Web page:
Will Biden Bring Back Kangaroo Courts at the University?

Title IX is the federal law that aims to eliminate sex discrimination in schools.  Title IX is the legal basis cited by college students to claim they were subject to sexual assault or sexual harassment.  In 2011, the Obama Administration issued its infamous Dear Colleague Letter, giving rise to the notorious campus kangaroo courts that trampled on due process rights and the presumption of innocence.

Before long, male students were being expelled in droves, often based on the flimsiest of evidence.  Courageously, many of them fought back, suing their former schools for lack of fundamental fairness.  Of the lawsuits that have been decided, a majority have been in favor of the accused student.

My organization, SAVE, has conducted an analysis of 175 of these judicial decisions, identifying the findings and legal basis for each opinion. Our "Analysis of Judicial Decisions Affirming the 2020 Title IX Regulation" reveals an abiding concern among the judges that schools implement fair procedures so the truth is revealed and the correct verdict is reached.

For example, 39 of the legal decisions highlighted the school's failure to notify the accused student of the exact nature of the allegation.  Lacking detailed and timely notice, the accused is handicapped in locating witnesses and preparing a robust defense.

In response to this wave of lawsuits, the Trump administration enacted a new Title IX due process regulation.  But newly elected Joe Biden was aghast at the notion of instilling fairness in campus procedures.  So on June 23, his Department of Education released a new draft policy.

Three of the most important due process protections are impartial investigations, the right to review evidence, and hearings that allow for cross-examination.  No surprise, the Biden proposal targets all three of these essential procedures.

Impartial investigations: The Biden proposal allows the same person to serve as investigator and decision-maker, an obvious conflict of interest.  This, despite the fact that 49 judicial decisions found biased investigations to be problematic.  In one milestone case, Judge Molly Fitzgerald of the Appellate Division of New York ruled, "An impartial investigation performed by bias-free investigators is the substantive foundation" of a legal proceeding.

Review of Evidence: The Biden rule proposes that the parties would have access only to a "description" of the evidence — not the actual evidence — which could be provided either "orally or in writing."  But 27 judicial decisions ridiculed this Soviet show trial approach.  In Doe v. Purdue University, for example, the court held that "withholding the evidence on which it relied in adjudicating his guilt was itself sufficient to render the process fundamentally unfair."

Hearings with Cross-Examination: The Biden rule would render hearings and cross-examination optional, allowing adjudicators to ask their questions "during individual meetings with the parties."  But judges have made mincemeat of this kangaroo court approach.  In Doe v. University of Sciences, the judge opined that fairness includes "the ability to participate in a live, adversarial hearing during which the accused may present evidence and a defense."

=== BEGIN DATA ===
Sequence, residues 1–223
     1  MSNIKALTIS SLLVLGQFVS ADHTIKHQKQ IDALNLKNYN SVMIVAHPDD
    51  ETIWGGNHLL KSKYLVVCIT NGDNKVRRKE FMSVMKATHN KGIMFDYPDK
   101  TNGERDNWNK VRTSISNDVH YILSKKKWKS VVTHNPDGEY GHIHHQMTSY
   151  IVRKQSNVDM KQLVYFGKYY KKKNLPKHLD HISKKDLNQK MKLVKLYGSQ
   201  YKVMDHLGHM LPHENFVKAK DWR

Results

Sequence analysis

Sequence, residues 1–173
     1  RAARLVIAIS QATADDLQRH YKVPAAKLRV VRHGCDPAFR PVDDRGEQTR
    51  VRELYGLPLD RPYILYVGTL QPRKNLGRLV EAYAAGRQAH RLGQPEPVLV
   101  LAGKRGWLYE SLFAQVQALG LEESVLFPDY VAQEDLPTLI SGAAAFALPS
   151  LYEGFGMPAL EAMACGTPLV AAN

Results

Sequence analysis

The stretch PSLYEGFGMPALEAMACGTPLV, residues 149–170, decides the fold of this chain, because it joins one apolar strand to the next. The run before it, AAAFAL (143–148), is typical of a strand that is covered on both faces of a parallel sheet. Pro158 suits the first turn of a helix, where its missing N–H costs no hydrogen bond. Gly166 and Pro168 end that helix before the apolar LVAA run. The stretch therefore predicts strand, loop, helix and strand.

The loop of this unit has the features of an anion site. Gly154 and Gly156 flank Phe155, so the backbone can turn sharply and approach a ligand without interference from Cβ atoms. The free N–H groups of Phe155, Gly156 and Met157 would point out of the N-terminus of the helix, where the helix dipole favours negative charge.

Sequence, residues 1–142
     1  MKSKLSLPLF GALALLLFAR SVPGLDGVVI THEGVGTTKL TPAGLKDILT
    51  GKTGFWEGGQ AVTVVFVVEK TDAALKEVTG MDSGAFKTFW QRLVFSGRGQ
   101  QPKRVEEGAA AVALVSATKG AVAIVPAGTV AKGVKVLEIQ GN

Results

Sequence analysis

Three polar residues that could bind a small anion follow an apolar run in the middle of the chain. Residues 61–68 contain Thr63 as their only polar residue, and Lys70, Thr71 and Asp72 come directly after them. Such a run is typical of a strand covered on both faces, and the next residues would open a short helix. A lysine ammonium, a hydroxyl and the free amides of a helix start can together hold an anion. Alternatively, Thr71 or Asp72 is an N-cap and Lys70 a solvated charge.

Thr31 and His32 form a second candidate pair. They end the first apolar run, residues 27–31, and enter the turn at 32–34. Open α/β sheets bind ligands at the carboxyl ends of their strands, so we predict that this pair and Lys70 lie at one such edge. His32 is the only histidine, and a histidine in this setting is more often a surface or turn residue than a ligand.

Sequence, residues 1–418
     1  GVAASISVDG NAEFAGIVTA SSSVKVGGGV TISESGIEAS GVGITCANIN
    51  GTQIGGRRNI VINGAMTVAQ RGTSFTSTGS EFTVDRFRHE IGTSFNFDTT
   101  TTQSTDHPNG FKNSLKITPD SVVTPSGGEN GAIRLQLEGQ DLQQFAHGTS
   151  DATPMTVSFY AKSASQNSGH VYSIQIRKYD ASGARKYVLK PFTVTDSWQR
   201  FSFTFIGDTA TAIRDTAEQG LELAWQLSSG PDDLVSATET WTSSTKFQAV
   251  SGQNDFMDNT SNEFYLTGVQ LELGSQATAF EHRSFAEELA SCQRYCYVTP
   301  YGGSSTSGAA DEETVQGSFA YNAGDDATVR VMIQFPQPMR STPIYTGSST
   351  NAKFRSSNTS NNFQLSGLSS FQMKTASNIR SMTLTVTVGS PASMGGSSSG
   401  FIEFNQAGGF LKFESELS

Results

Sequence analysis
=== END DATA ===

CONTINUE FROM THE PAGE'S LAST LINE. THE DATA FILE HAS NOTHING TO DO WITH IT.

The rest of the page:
If anyone still believes Biden's rhetoric about ending "all" discrimination against students, they should look at his proposed "free pass" provision: schools must "not discipline a party, witness, or others participating in a recipient's grievance procedures for making a false statement."

Read those words again, because they represent an open invitation to every false accuser.  They contravene the very purpose of any legal proceeding, negate the notion of justice, and subvert the quest for truth.

In Harris v. Saint Joseph University, for example, the judge chided the institution for its "reckless indifference to the truth."  In Doe v. University of Cincinnati, the judge explained the "value of cross-examination to the discovery of truth cannot be overemphasized."  In Doe v. University of Southern Mississippi, the justice emphasized the need to "flesh out inconsistencies in a search for the truth."

Indeed, the hallowed "search for the truth" is the theme that connects all 175 judicial decisions that have been handed down against colleges over the past decade.

If you doubt that women can embellish upon or completely lie about their sexual liaisons, consider the recent case of Erin Wingo.  One night, the Clemson University student seduced a male student by whispering, "If you don't kiss me now, you won't have sex with me tonight."  Fearing that her long-time boyfriend would learn of her infidelity, she later accused her paramour of rape.  When a text message later revealed the truth of the tryst, the surprised jury awarded the falsely accused man $5.3 million in damages.

American judges are growing increasingly restive with the due process shortcuts that plague many institutions of higher education.  The Department of Education should reconsider its arrogant view that it possesses a more profound understanding of campus due process than the multitude of black-robed jurists.

Edward E. Bartlett is the president of SAVE, a non-profit organization working for fairness and due process in schools.

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